“Between Shipman’s conviction and 2019 around 9 million deaths will have been handled through procedures known to be unreliable”, ( BMJ 2018: 361:k2668 )
Ever since Dr Shipman murdered so many people, we have mostly assumed that unexpected deaths, especially if in large numbers, are investigated. Unfortunately there is perverse incentive for coroners, who have a budget from the government, to reduce costs. Post mortems have reduced in number steadily since the 1970s. BMA fees for post mortems …. you can always ask for one as a family. Commissioners have to cover these fees, and therefore they try to get the coroner to ration post mortems. In addition it will be an interesting dilemma for the Lord Chief Justice. Whether to sue for murder or manslaughter…. In England ( BMJ 2018: 361:k2668 ) New medical examiners will eventually scrutinise all deaths. Tom Luce chair of the fundamental review of death certification and investigation, and Janet Smith, chair of Shipman Enquiry.
Sir, The findings of the Gosport Independent Panel are shocking and will raise further concerns for patients, carers and the public about the use of opioid medication (News, June 21). We would like to reiterate the comments by the Right Rev James Jones that the deaths were related to the administration of “dangerous doses of a hazardous combination of medication not clinically indicated or justified”.
Opioids are widely used within palliative care, and are uniquely effective in managing pain and other symptoms associated with cancer and non-malignant diseases. Side effects can occur but these are usually manageable. Furthermore, appropriate prescribing and continued monitoring can usually prevent serious issues such as breathing problems and drug addiction. Importantly, research has shown that opioid medication does not shorten lives, and may even prolong lives through good pain relief.
Dr Andrew Davies, FRCP
President, Association for Palliative Medicine of Great Britain & Ireland
Sir, Prosecutions resulting from iatrogenic deaths are usually for manslaughter, based on the gross negligence of those responsible for treatment. However, the independent panel has reported that deaths resulted from a practice of “shortening lives through administering opioids without medical justification”. Arguably that meets the legal definition of murder. Since Harold Shipman there has not been a case of large-scale killing by medical personnel. One would hope that, after investigating the facts in full detail, the CPS will have the courage to bring charges of the most serious kind.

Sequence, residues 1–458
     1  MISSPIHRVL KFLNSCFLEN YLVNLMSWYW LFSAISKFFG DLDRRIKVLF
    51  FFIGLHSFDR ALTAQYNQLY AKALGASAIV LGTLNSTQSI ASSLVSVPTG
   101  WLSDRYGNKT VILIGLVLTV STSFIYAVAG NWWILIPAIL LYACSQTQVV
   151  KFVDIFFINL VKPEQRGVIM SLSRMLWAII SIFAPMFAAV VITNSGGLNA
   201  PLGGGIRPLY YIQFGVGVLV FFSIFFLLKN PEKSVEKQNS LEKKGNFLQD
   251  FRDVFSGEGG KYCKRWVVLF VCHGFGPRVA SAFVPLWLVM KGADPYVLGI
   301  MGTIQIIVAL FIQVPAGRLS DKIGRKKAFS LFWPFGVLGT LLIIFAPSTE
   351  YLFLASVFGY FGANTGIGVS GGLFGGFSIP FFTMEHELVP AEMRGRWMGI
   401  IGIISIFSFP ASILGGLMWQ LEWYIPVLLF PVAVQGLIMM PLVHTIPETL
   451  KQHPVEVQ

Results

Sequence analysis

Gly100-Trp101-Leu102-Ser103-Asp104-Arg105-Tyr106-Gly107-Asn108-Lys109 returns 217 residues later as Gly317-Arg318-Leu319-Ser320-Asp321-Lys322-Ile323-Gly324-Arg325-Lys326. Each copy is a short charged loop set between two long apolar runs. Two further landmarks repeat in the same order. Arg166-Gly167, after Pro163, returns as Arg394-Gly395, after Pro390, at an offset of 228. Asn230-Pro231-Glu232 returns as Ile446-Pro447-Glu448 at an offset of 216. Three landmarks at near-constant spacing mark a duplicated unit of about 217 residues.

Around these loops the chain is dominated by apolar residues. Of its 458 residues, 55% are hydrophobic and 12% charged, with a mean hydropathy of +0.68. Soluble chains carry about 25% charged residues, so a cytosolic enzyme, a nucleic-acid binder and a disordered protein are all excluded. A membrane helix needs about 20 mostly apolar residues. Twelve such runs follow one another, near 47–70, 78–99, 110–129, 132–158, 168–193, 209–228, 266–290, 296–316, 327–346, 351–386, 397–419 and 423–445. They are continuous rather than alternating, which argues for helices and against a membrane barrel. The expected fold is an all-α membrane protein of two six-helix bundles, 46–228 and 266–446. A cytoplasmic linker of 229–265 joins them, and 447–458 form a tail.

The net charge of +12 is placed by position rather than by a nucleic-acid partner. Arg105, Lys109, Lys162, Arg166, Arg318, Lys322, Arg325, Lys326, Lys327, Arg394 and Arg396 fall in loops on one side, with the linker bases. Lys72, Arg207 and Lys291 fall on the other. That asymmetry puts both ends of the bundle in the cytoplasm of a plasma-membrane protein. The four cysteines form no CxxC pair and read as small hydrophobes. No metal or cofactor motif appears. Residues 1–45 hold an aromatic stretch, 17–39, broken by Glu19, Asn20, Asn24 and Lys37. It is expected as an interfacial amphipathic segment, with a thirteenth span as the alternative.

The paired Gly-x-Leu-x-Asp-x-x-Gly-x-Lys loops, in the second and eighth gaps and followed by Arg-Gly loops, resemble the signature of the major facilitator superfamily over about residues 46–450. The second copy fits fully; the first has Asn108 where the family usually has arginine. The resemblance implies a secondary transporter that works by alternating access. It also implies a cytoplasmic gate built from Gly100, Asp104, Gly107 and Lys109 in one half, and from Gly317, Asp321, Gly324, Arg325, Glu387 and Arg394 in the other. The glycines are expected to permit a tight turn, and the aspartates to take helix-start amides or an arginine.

Hendon Chambers, London NW4
Sir, The events in Gosport will have been facilitated by our unreliable coroner system. As part of her inquiry into how Harold Shipman murdered some of his patients, Dame Janet Smith recommended that there be an independent coroner service “at arm’s length” from the government. This is not what we have ended up with, and the public cannot have any faith in anything short of a truly national coroner service.
Cowes, Isle of Wight
Sir, Minh Alexander is correct to cast doubt on how whistleblowers would be treated in today’s NHS, even with the “freedom to speak up” guardians that exist. Whistleblowers tend to be, at best, discredited and at worst forced out of their jobs, often on spurious disciplinary charges. Since it is often senior managers who collude to suppress whistleblowers, surely there has to be a role for a new independent organisation outside the NHS to handle whistleblowers’ concerns?
St Helens, Merseyside
Sir, If our new system of “freedom to speak up” guardians had been in place when the nurses at Gosport spoke up they would have been listened to and the right actions would have been taken. The “freedom to speak up” guardian can escalate matters directly to the chief executive and the board, and if necessary to the National Guardian’s Office and in turn the regulators. In the past year more than 6,700 cases have been raised with guardians by NHS staff in England to keep patients safe, support staff and start the culture change that we want to see in the NHS.
Dr Henrietta Hughes
National guardian for the NHS